Whilst Christmas is still some way off (thankfully), Advent is fast approaching. This week I’ve spent the evenings cosily wrapping a myriad of tiny boxes with surprises, notes and treats for Harry to uncover through each day of December. I’ll string them from an armful of silver-sprayed branches and position them in the hall where they can offer a tantalising reminder of the excitements to come.
For my advent boxes I’ve used a random collection of matchboxes, raisin packets (both full and empty), old jewellery boxes and others, and used offcuts of white, red and brown paper to wrap them all with scraps of ribbon and silver thread – each one is different, but the repeating colour palette gives them a harmonious appearance when hung from the branches. I’ve used pretty buttons and embellishments extravagantly because I know I can just gather them up once discarded in the thrill of opening, and reuse again next year.
A number of the advent boxes contain chocolates, raisins or other sweet treats, but there are some surprises too; I found this tiny nativity set here, and have packaged each member up individually and spread them across the month, so that Harry can collect them all and we can tell him the Christmas story as we go… there are also a couple of decorations to hang on the tree as Christmas approaches.
With Harry’s birthday falling in early December, we’re anticipating something of a swelling of the toy cupboard next month, so one advent box provides a bag for him to carefully choose some toys he’s grown out of and no longer plays with that we can take to the local charity shop to be loved again by someone else – and to create some crucial space for new arrivals. At risk of sounding pious, I want Harry to understand how lucky we are, and from the outset to see Christmas as a time of giving as well as receiving.
Harry’s advent calendar also marks a few of the events that we know will happen over the month; the nursery school nativity play falls in the middle of December, and Harry has been cast as Joseph (how my heart secretly swells with maternal pride! Harry himself is a bit cross because he wanted to be a reindeer). It’s the first time he’ll have performed in any kind of play or production, so feeling the safety of this ‘magic button’ in his pocket may help keep wobbles at bay when he sees us in the audience.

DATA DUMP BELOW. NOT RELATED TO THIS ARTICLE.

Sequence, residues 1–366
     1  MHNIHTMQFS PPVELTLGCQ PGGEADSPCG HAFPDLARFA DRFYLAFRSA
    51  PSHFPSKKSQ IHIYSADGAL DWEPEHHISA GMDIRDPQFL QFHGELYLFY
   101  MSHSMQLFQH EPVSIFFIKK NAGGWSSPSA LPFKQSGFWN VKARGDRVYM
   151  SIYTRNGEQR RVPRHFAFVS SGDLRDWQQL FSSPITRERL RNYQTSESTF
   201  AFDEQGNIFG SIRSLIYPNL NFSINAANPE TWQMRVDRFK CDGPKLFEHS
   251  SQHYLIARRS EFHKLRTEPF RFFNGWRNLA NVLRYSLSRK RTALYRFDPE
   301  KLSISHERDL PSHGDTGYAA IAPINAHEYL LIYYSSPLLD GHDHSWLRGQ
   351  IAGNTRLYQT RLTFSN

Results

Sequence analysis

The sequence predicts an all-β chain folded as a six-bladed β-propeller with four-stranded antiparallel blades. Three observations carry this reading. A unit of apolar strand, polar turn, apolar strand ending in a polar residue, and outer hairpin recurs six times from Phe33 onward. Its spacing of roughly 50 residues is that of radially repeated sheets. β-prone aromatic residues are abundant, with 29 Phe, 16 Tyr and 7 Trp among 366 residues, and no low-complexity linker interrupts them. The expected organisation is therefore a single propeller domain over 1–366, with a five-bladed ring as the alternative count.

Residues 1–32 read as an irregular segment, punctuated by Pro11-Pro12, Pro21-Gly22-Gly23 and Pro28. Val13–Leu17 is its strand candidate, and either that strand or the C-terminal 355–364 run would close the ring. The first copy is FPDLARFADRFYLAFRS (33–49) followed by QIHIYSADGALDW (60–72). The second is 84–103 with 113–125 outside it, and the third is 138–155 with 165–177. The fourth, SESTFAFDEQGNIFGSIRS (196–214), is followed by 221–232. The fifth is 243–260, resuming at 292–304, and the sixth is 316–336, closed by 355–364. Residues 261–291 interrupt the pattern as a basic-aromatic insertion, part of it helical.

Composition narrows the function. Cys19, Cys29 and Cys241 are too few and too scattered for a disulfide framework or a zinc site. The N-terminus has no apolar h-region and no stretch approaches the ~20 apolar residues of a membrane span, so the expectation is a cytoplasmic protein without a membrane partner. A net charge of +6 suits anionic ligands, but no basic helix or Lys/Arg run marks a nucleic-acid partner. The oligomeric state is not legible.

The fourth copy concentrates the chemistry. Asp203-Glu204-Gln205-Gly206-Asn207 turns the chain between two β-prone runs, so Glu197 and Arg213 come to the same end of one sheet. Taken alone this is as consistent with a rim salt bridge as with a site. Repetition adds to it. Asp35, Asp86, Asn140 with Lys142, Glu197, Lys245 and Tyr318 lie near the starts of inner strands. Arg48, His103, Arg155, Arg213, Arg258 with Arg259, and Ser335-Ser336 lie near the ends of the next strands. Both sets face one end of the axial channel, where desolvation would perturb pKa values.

The most important box of all will be opened on Christmas Eve, and is immediately identifiable by its sparkly gold exterior. Inside, Harry will find a tiny letter from the elves, sealed with a button, explaining all the things we need to do to prepare for Father Christmas’s arrival (carrots for Rudolph, stockings over the fireplace and a myriad of other anticipation-building activities..). There are also a couple of little treats for the elves themselves; a tiny half walnut-shell bed, with a down feather to ensure the softest nap ever – because they must be exhausted at this point in the year, and everyone benefits from a power nap – plus a few ‘elf donuts’; Cheerios sprinkled with powdered sugar (in case Harry is tempted to sample one himself).
- Chocolate ‘gold’ coins and racing cars
- Lego mini men
- A handful of ‘snowballs’ (white pompoms) to thread together
- A few real coins for Harry’s moneybox
- Paper chains to make to decorate the playroom
What Christmas traditions do you have for your children? It’s the first year that Harry is really, properly aware of Christmas and excited by it, so it feels like the first time we can start to create some family traditions and memories for him; all further inspiration welcomed please!
Have a wonderful weekend…